Blake Dowling: How wearable tech saves lives

Step into the future with wearable tech gadgets like smartwatches and AR glasses
Tech is not to be feared, the doomsday narrative is lame and shortsighted.

For over a decade, I’ve shared stories of cybercrime in hopes that it will help you protect yourself from rogue technology and hackers.

I’ve also shared stories of how innovative technology helps shape our world and state each day. These topics are extremely important, but today, we will explore the technology used for the most important task on the planet, which is saving lives.

A few years ago, I wrote about drone tech impacting several industries. The column focused on real estate, media, and even food delivery, but this story is about a drone and the sheriff’s office in Hillsborough County utilizing drone tech to save a little girl’s life.

Last month, a young girl in Tampa was reported missing from her home one late afternoon. She was only 5 years old and was autistic.

The woods near her house quickly turned into a swamp, and if the situation had continued into the evening, the outcome may have been very different.

Local authorities with the Hillsborough County Sheriff’s Office dispatched an aviation unit (drones) with the officers searching for her on the ground and in the sky. They used thermal imaging on a high-flying drone to lock on to her heat signature. Next, it was a matter of relaying the coordinates of that heat signature to the officers on the ground. Those officers and their quick deployment of the drone tech are beyond heroes for that girl and her family. Their actions showed law enforcement around the nation how it’s done. There is a clip online of some of the rescue for you to see:

What happens when you fall out of a boat in bad weather? Can technology help save you from drowning? It sure can, as we saw in Walton County last year when a man fell out of the boat, and his wife called 911 for help.

The dispatch officer used a tech tool called Rapid Deploy to find the trajectory where the man was floating as it was choppy and the wife quickly lost track of him. The dispatcher meanwhile talked the wife info getting the boat moving and tracking him with the trajectory the app gave, and they found him.

This tech gives the dispatch team tools to respond quicker, smarter, and, most importantly, to help save lives.

I have personally never been a fan of smartwatches. Years ago, I wrote a column about them and decided they were not for me.

Perhaps I was not focusing on the upside of wearable devices, as Apple Watches have been credited with saving many lives over the years. Last year, a grandmother in Boca Raton was feeling just fine as she readied for bed one evening. Her watch disagreed and alerted her to a life-threatening situation. Her heart readings, which the watch tracks, were off the charts. She called a neighbor and told him, and he called 911 and her life was saved.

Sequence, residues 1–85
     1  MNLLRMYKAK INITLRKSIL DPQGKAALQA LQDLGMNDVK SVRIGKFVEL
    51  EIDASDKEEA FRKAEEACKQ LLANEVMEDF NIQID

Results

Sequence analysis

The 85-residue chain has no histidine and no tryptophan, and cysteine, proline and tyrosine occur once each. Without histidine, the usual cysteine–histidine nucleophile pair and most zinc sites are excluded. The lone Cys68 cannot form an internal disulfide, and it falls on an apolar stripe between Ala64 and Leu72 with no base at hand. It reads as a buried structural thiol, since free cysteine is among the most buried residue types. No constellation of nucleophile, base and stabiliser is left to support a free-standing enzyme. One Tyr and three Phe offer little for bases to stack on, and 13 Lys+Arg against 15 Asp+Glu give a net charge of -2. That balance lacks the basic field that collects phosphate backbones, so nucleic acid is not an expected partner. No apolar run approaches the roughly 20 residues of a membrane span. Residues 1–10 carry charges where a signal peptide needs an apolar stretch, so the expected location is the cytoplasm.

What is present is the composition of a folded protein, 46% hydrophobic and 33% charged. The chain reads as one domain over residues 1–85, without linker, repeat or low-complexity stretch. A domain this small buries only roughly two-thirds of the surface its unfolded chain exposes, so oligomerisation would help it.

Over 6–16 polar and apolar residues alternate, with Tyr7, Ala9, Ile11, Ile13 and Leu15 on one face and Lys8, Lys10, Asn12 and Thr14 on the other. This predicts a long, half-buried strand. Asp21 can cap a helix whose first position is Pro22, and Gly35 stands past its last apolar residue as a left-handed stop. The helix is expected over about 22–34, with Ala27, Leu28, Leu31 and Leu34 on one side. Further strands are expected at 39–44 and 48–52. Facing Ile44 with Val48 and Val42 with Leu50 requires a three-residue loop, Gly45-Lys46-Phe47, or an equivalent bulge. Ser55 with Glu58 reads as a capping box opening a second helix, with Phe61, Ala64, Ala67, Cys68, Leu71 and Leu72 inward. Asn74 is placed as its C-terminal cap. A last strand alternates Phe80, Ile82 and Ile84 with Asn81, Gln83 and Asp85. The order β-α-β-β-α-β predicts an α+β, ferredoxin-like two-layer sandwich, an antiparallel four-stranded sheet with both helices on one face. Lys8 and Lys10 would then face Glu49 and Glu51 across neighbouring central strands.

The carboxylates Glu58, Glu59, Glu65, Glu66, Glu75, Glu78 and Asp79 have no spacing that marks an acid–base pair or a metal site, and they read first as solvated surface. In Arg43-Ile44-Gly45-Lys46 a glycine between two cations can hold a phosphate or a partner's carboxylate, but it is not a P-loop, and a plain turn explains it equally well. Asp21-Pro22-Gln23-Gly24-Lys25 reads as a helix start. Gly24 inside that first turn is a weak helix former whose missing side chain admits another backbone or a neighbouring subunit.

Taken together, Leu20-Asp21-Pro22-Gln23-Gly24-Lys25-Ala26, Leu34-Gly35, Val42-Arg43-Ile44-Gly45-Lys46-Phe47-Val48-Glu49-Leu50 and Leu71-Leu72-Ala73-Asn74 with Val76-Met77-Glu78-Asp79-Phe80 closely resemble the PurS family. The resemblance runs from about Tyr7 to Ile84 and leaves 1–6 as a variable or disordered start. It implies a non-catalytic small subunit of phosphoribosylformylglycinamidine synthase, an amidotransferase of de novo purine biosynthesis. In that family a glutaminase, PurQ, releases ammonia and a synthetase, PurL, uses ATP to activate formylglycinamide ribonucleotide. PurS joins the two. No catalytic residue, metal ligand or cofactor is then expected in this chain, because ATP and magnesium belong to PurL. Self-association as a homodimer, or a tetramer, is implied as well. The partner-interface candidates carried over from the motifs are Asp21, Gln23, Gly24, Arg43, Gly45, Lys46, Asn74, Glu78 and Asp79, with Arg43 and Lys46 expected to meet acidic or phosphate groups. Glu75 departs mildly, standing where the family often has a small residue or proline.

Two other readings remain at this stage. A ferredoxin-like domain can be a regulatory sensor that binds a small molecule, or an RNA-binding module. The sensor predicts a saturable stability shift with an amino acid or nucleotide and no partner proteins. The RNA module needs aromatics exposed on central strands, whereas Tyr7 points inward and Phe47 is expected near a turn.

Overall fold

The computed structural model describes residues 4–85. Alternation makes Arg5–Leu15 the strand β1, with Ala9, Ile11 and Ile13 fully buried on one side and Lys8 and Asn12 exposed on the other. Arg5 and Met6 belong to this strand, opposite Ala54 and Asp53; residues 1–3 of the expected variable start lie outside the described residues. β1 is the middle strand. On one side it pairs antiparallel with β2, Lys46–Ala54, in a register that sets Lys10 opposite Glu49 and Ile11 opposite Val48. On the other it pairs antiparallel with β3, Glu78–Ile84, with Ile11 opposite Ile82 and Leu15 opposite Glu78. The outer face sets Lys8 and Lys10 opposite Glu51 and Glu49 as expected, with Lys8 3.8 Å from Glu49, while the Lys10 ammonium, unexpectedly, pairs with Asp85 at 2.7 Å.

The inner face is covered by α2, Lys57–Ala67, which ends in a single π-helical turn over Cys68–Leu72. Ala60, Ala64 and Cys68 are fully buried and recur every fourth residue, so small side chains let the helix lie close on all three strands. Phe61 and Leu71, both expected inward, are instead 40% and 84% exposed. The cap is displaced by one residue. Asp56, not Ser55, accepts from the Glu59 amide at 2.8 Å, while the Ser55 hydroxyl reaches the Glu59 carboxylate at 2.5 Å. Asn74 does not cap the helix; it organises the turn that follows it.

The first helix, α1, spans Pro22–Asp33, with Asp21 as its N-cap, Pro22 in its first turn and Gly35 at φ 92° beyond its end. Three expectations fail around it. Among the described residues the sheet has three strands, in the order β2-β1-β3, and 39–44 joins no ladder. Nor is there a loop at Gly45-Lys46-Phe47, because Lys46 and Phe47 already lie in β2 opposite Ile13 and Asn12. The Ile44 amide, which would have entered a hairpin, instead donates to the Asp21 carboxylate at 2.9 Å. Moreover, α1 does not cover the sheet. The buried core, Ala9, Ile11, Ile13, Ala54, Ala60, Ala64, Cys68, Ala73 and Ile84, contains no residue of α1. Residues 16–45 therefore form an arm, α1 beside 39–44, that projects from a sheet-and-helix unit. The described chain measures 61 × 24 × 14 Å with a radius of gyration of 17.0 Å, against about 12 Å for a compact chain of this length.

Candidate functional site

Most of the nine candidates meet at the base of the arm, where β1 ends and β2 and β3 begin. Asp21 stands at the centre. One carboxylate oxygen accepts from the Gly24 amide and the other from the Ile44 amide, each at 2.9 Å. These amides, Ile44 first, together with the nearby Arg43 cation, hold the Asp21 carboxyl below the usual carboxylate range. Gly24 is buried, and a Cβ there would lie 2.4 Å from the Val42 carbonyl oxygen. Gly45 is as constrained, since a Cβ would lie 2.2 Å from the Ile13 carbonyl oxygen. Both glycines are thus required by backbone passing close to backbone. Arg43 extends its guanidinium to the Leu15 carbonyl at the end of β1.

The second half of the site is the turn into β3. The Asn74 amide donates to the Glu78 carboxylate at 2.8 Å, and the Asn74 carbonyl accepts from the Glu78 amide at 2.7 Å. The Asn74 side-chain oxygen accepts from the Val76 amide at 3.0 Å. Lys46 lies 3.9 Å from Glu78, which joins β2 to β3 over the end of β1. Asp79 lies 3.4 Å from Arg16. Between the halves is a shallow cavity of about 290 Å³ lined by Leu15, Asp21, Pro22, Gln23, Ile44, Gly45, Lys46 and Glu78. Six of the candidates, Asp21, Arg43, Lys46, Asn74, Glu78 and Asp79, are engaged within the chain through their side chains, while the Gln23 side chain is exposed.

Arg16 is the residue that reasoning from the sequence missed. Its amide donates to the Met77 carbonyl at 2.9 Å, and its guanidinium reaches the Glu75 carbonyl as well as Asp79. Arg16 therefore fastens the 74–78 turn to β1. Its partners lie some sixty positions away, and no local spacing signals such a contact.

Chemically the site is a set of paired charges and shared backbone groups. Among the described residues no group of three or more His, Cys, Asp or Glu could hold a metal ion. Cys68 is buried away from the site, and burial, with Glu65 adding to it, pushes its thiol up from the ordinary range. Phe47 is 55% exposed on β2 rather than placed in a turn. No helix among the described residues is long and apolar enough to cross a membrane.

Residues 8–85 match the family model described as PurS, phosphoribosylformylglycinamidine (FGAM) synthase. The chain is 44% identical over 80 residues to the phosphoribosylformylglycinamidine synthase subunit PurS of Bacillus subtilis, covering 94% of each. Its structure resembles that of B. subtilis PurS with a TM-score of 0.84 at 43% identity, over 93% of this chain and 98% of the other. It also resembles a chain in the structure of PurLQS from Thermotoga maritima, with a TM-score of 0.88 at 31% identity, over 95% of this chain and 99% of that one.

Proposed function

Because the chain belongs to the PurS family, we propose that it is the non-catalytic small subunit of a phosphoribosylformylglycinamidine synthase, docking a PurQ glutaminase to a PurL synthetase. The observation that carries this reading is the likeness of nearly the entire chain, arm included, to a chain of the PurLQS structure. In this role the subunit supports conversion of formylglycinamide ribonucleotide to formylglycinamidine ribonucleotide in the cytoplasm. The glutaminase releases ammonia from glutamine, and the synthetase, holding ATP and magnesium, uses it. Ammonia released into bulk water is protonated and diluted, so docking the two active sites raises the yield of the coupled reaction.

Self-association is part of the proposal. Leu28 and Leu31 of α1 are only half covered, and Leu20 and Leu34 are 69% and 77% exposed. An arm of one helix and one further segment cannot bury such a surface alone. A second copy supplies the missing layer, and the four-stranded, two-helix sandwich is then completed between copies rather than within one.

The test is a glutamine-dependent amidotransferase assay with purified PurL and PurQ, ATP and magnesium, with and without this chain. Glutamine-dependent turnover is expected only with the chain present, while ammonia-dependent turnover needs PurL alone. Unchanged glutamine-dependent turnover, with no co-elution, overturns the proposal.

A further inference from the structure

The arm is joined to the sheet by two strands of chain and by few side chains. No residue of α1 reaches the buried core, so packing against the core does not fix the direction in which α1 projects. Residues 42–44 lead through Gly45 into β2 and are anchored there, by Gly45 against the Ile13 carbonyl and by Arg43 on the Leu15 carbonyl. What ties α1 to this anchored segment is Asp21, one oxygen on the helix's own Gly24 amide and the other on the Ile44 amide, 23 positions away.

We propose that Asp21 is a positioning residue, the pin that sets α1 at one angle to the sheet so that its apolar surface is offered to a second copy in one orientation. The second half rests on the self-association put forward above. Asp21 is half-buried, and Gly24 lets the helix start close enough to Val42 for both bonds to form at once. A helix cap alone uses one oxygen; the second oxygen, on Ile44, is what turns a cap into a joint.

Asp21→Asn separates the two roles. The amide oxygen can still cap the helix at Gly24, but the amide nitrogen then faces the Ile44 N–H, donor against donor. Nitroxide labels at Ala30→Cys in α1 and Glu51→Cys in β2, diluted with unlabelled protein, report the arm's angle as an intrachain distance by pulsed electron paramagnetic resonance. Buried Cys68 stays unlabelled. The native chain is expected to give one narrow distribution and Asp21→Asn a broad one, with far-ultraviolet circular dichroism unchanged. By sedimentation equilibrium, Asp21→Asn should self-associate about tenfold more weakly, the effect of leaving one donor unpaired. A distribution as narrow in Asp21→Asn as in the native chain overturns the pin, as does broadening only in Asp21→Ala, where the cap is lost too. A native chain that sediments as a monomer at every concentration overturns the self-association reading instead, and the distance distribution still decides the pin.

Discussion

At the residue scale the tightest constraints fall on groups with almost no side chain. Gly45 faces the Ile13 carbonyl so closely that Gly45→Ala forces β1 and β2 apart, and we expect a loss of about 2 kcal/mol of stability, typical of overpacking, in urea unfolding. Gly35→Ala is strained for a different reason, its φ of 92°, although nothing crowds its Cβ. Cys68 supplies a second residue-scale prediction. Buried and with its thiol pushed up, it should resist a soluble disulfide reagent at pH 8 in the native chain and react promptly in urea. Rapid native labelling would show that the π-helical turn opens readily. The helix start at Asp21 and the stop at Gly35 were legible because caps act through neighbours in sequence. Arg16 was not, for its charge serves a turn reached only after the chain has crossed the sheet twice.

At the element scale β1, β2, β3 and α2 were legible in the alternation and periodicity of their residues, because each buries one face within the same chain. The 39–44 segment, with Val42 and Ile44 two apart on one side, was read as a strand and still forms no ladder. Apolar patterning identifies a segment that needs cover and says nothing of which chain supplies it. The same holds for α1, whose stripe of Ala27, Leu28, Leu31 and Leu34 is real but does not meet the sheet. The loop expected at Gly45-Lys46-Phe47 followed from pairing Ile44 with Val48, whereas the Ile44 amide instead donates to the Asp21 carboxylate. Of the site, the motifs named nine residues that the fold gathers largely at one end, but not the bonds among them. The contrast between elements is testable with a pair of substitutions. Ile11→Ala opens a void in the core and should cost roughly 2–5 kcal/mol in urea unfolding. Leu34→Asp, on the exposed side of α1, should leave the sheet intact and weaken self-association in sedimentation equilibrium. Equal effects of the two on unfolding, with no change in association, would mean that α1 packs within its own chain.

The story was captured by Good Morning America.

Maybe an Apple Watch or other wearable is indeed a good investment, especially for anyone who lives alone.

On the artificial intelligence front, a great deal of media coverage this year has focused on panic, negativity, and even musicians up in arms about fake AI music.

However, when you look at AI in medicine, the narrative swings quickly to the positive. Delray Medical Center in Florida is using artificial intelligence tools right now to save lives. They use an app called Viz Vascular that reviews CT scans and can find things like an aneurysm or a pulmonary embolism.

Once it does, the app sends an alert to the medical team before the actual reports have even been processed. These types of diagnoses can mean life or death with getting the patient back in ASAP for treatment.

 Who would not want an extra set of eyes on their charts? Especially a set of computer eyes that has the combined medical knowledge of all humanity in its brain.

Tech’s applications and uses are so much more than what we see in the office, the cloud, the airline, cybercrime, the factory, the internet of things, smart cars, music, Netflix, elections and ordering food.

Technology is about to break through even further.

These stories today are just the beginning as we enter what I predict to be a new golden age for humanity.

Tech is not to be feared, the doomsday narrative is lame and shortsighted.

I prefer the positive view. Think of it this way: Technology can be the ally humankind needs to live safely and elevate society to a brighter future.

Seem farfetched?

Tech does not start wars, we do, tech can be used to make the world a better place.

All we must do is make sure it is used properly. That might equate to some heavy lifts by just about all of us and it certainly won’t happen overnight.

But I believe that in these next decades, we will see our society hitting peaks of progress, innovation, and peace like never before.

As Sarah Conner once said: “There is no fate, but what we make for ourselves.” Game on.


Blake Dowling is CEO of Aegis Business Technologies and can be reached at [email protected].

Blake Dowling

Blake Dowling is CEO of Aegis Business Technologies. His technology columns are published by several organizations. Contact him at [email protected] or at


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